by Christi Nogle
On a Friday morning in August, Talia Simpson hops down the porch steps of her big cream-colored house. Her cream-colored dog quickly passes her, straining on his leash. He pees on the fence for a long time, and then they are off on a power walk. On Talia, the speed registers in a jelly swish of hips and a slowly unraveling reddish ponytail. The dog, a big puppy really, keeps to a quick up-and-down trot. It is already warm at not quite 8 a.m. and could break 110 today. The neighborhood looks reconciled to it. There isn’t anyone out or anything frail left out in the sun. Cars go by with their windows up as though the heat of noon could get at them already. Talia is feeling excellent, as always, and yes, feeling a little contemptuous of all these air conditioned commuters.
The puppy stops. Talia is so cut off her rhythm that she nearly stumbles, but then she turns to coo at the puppy and gently pull him forward. He’s stopped right at the spot where someone’s pressed their handprints and written a name in the sidewalk. That’s strange, she thinks, and as she stops to read the name, the puppy takes the chance to jerk back sharply, right out of his collar.
Talia doesn’t waste a minute to call but tries to catch at him. Her arm flashes out only to grasp a handful of tail hairs, and then he’s running. She can be fast, too, and she’s nearly caught up to him again when he tucks his butt in for extra power and zooms off in the direction of Main. Talia steps into the street and waves to stop a car.
I’m driving to my job at the alternative school with a low buzzing ache in my head and little hope for the day. The radio guys puke out, “Looks like it might break 110 today. If that isn’t hot enough for you I don’t know what is.” I laugh for a minute before I realize it isn’t funny. I guess it’s nice to hear voices.
It’s been a hard week. I was hot last weekend, so inspired, and then I’ve been racing through the story every night after summer-school classes so that I could mail it on time this morning. I examined the manila envelopes three times before slipping them into the mail box. Postage, addresses, return addresses– that’s me, Roger Jacobs at 823 Jacobson Street, though of course the byline is something more suitable for the erotic horror genre–and finally let them fall through the slot. Unless I’m mistaken, the story inside is going to finally get me published.
There’s a price. Coffee and nothing to eat will make my breath stink like death by mid-morning. Funny, I always thought of bad breath as bologna sandwich breath or too much garlic, but those are perfumes compared to the cat piss reek of bitter coffee and whatever else is twisting in my stomach. I write, “Take better care of self” on the notepad in the driver seat.
I feel like drug addicts say they felt before the end, like I can just keep it together for one more day, something will open up for me.
As I’m slowing for the light, a middle-aged lady steps right out in front of the car, yelling but giving an apologetic, no-big-deal gesture.
I have to roll down the window to hear her: “You’ve got to help me out for a minute, kay? Let me in.” A hooker, I think for a second, though I can’t pin that feeling to anything about her clothing or all that scrubbed-looking flesh.
“Hold on,” I say. “I’m right in the street.”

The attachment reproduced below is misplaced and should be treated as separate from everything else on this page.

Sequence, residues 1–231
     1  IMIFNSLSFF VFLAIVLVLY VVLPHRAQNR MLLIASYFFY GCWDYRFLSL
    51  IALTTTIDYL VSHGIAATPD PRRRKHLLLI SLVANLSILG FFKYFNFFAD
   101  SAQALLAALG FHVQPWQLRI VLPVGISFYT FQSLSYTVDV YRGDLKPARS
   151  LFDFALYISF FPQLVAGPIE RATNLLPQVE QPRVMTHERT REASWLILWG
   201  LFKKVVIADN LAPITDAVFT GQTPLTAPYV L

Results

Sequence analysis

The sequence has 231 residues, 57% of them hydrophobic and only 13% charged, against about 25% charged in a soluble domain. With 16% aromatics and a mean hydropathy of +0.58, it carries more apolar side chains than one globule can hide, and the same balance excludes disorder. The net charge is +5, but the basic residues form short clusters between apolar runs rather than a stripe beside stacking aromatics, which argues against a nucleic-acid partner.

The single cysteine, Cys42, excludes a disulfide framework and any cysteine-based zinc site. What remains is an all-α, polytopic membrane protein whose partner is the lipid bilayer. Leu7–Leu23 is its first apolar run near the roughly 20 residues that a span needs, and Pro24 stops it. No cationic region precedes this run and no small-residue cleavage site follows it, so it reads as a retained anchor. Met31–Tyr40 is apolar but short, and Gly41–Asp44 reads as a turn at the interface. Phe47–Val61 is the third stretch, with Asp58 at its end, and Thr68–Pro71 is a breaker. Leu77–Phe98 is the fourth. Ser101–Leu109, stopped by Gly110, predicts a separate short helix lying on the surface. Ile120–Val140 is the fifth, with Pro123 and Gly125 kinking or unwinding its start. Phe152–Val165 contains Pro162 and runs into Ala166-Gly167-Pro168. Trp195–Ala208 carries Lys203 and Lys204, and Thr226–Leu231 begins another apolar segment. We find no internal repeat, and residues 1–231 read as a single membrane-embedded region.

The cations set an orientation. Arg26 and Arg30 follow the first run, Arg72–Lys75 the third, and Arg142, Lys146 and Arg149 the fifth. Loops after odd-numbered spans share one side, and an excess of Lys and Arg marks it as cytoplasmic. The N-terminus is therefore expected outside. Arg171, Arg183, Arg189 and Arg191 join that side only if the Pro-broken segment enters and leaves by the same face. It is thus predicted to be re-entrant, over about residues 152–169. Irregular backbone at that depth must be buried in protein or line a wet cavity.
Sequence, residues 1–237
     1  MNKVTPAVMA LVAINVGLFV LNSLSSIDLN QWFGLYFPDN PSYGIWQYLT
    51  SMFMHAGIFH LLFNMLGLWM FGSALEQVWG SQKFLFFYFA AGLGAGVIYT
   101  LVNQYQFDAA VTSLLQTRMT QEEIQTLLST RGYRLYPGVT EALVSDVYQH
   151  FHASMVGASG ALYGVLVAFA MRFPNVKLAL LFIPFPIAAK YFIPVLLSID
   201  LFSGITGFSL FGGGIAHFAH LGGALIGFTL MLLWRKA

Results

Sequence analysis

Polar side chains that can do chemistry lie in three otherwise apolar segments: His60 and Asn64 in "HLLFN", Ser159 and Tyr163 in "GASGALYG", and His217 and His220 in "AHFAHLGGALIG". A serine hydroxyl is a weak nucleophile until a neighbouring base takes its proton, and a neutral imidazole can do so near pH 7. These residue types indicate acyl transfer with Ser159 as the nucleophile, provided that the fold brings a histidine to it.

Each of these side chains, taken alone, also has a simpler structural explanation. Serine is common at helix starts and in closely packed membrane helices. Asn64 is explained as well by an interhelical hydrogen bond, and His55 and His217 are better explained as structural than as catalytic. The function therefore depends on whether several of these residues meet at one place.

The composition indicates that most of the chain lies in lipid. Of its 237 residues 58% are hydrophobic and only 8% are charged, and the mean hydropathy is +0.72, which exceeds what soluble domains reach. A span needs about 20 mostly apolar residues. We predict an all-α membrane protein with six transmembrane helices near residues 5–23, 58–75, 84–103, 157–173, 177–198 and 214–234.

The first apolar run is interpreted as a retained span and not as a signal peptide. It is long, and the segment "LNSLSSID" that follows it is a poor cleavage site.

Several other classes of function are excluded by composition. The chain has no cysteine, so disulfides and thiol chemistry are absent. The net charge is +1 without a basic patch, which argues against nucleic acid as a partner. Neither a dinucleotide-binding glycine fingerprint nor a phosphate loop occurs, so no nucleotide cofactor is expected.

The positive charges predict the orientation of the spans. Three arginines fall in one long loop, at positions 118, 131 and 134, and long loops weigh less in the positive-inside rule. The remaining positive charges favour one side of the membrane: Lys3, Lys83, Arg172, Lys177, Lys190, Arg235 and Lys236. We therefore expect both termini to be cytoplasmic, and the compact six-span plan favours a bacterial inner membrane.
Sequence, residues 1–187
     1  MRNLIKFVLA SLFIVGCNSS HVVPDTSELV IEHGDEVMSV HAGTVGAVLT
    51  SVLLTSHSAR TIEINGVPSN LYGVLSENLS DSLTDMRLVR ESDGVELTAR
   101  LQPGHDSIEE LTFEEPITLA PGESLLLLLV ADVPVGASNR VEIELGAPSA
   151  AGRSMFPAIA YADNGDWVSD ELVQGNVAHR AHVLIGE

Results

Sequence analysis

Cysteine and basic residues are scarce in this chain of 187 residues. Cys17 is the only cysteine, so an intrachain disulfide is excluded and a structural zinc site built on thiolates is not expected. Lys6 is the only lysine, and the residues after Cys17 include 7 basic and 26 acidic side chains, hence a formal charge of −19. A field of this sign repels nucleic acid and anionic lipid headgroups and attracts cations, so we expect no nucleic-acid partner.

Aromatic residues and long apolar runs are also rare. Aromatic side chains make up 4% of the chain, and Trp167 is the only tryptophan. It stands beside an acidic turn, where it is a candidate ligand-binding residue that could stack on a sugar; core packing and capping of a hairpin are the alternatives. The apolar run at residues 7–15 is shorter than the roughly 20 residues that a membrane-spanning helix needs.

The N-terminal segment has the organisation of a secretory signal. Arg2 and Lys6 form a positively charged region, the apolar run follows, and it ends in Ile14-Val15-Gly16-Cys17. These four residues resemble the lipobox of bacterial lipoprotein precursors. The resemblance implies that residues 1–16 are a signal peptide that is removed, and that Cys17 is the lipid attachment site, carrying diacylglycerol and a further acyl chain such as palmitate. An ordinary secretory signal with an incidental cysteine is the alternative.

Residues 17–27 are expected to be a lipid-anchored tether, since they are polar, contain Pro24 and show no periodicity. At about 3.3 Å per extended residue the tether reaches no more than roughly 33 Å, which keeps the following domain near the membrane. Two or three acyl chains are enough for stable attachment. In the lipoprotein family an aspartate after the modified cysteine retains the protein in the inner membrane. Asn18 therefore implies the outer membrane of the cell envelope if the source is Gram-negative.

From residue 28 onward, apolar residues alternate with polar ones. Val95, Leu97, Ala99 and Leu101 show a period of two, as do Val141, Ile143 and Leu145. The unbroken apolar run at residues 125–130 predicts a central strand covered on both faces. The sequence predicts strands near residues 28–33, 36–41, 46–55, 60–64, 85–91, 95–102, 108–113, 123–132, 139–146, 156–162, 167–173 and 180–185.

“Or can you just turn around and go get him? He’ll jump right in the car, any car. Okay? Just open your door when you see him.” She’s waving an empty pink collar. She still has the leash end wrapped tightly around her other hand.
I nod and start rolling up the window. I even think about doing it. I check my mirrors to see if it would be alright to turn around. All is clear, but I head forward in the direction of school as I might have guessed I would. Can’t be late, those kids are trouble enough already.
I wake each summer morning surprised to be back in the pink bedroom. It’s my first long visit since I left for college two years ago, and that’s what I chant to myself making up: just a visit, just a long visit, nothing to worry about. Each morning after the chant, I have coffee and write in my journal until my sisters wake and I have to give myself over to watching them.
On Friday morning, I’m still in bed when Mom comes back from her walk. My room is just off the kitchen, so I hear her putting on coffee, making a phone call. I wish I’d shut my door. I want coffee, but I also want to stay in bed so she can’t have the chance to give more chores, but I also want the coffee.
I hear her sobbing and check the clock: almost nine. She isn’t going in to work.
“What’s wrong,” I ask from the doorway.
“The puppy,” she says. “Don’t wake the girls.”
“Where’s the puppy?” I ask, but her face is grave. I see the smears on her shirt. “Is he hurt? Is he dead?”
“I don’t know. Is he?”
“Will you check for me, Janey, please?”
So I have to walk out to the shed where she’s laid him. I watch the skinned dent in his chest for a long time before I’m sure that the movement beneath is real and not a function of my own eyes throbbing. There are other abrasions on his side. A piece of white bone or cartilage juts from his hip, under the only spot that’s really gruesome and wet with blood. It’s strange to see that coat ripped open so soon; he was just-grown. Poor puppy. His name was Dave but no one ever called him that.
It’s a strange morning. I listen to Mom’s story and help her clean it up so it’s ready for Claire and Lynna.
When the puppy checks in dead, I take a picture of him and call Mom. We pack his wounds with paper towels and wrap him in a white sheet. We wash his face, wake the girls, retell for them their story: God thought he was such a nice puppy, He wanted him to live in heaven. They stare sideways at each other while we try to convince them of this. We pick flowers. They insist on packing his mouth with flowers. Hole digging, funeral. We have to carry the old dog, Toby, out on his dog bed like it’s a stretcher because he’s not good today either. Lynna keeps telling Claire that we’re going to bury her next until she’s wailing and Mom takes them into the house to watch videos.